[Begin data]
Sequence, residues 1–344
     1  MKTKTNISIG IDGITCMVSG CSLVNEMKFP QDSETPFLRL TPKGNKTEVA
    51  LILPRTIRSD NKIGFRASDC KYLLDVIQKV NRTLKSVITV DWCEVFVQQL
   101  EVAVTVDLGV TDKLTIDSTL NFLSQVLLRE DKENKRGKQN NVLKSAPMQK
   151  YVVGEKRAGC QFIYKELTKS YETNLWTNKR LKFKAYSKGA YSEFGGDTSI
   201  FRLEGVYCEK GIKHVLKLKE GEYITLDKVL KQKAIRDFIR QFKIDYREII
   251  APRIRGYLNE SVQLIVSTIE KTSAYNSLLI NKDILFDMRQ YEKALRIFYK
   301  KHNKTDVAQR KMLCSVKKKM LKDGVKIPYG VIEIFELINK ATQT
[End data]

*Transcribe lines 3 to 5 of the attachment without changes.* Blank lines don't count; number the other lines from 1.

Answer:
    51  LILPRTIRSD NKIGFRASDC KYLLDVIQKV NRTLKSVITV DWCEVFVQQL
   101  EVAVTVDLGV TDKLTIDSTL NFLSQVLLRE DKENKRGKQN NVLKSAPMQK
   151  YVVGEKRAGC QFIYKELTKS YETNLWTNKR LKFKAYSKGA YSEFGGDTSI